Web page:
Friday, April 2, 2010

Human Primary Cells in Preclinical Drug Discovery

Preclinical drug discovery is essentially concerned with disease models that mimic the human condition. These models can use animals, cells or purified protein. In vivo animal models are used for target validation and proof of efficacy prior to introduction into man during clinical trials. In vitro models used for small molecule screening purposes put the emphasis on the target: either as a binding assay using purified protein or as cell-based functional assay with the receptor target over-expressed in an immortalized cell line allowing unlimited amounts to be produced of concise response.

While in-vitro models provide statistically consistent information and workflows that are highly automatable to allow screening vast libraries and in-vivo models in mammals may provide efficacy evidence necessary for IND submission to the FDA, there is growing concern that the information is of questionable biological relevance in man. This is made evident by the marked decline in NCEs brought to the market over the last decade.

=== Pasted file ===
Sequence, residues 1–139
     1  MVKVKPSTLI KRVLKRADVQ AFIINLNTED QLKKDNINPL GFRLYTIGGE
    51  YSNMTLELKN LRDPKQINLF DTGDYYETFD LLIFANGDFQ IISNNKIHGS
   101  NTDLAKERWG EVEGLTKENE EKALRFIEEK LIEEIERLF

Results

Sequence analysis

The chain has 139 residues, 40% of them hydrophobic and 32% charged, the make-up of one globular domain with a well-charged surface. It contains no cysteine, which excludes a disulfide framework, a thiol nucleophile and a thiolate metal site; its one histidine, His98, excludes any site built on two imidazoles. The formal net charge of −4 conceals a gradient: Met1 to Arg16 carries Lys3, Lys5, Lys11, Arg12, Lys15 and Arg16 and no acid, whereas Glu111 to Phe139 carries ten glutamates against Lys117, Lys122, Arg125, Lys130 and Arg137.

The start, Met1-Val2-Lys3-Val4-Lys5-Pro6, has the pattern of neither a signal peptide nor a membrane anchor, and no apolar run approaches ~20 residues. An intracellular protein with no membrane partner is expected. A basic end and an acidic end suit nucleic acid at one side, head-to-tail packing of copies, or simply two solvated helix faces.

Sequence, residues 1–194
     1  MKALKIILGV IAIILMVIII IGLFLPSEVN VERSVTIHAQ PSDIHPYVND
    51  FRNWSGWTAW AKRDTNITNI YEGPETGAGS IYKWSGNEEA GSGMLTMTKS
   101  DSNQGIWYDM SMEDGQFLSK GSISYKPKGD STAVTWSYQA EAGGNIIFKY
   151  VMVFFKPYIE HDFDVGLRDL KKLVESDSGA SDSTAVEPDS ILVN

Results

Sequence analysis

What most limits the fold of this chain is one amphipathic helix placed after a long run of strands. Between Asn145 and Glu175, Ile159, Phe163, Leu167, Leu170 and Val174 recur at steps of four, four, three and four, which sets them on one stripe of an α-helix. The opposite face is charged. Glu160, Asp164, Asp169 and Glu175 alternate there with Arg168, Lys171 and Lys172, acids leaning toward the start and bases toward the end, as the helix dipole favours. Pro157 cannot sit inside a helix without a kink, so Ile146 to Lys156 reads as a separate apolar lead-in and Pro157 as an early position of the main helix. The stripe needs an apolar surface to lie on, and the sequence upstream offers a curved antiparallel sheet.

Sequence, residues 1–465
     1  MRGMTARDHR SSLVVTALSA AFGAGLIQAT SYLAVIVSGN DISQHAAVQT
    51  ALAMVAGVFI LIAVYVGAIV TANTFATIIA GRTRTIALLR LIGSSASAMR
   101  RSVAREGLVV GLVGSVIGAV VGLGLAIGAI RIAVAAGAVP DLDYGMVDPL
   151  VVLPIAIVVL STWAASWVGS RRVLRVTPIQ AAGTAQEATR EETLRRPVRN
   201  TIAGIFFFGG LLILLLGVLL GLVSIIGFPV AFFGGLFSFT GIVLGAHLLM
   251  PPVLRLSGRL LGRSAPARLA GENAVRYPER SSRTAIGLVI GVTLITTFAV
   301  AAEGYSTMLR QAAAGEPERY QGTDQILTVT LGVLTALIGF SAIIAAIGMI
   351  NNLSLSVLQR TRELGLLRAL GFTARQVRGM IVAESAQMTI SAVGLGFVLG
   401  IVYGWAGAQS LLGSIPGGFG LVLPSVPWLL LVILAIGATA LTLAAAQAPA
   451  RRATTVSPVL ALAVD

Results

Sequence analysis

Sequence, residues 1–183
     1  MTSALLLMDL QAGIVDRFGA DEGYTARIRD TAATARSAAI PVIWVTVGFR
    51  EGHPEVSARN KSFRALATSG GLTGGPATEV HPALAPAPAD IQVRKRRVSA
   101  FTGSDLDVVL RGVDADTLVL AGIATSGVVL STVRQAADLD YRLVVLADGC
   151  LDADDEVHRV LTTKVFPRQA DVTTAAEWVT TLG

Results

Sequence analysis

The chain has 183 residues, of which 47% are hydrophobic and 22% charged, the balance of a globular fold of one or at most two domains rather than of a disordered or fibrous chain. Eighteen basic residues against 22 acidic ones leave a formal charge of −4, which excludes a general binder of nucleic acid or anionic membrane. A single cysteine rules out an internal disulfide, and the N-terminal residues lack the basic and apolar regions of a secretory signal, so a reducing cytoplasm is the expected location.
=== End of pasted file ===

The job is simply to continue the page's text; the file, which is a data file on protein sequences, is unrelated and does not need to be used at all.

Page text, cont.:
Most Pharma and large Biotech are now channeling resources into the investigation and use of human primary cells in preclinical drug discovery. It is thought that this model most closely resembles what occurs in clinical trials. Key issues are supply and assay reproducibility due to the limitations in cell propagation and source variability. Hepatocytes and peripheral blood mononuclear cells (PBMCs) are most used in preclinical drug discovery at the moment, but the range of cell types is ever increasing. The promise of stem cells alleviating supply and reproducibility issues has not yet been realized, but is an area of highly active research.

BioTek Instruments is working in this area developing assays with hepatocytes and human umbilical vein endothelial cells (HUVECs). Stay tuned for exciting results …

By: BioTek Instruments

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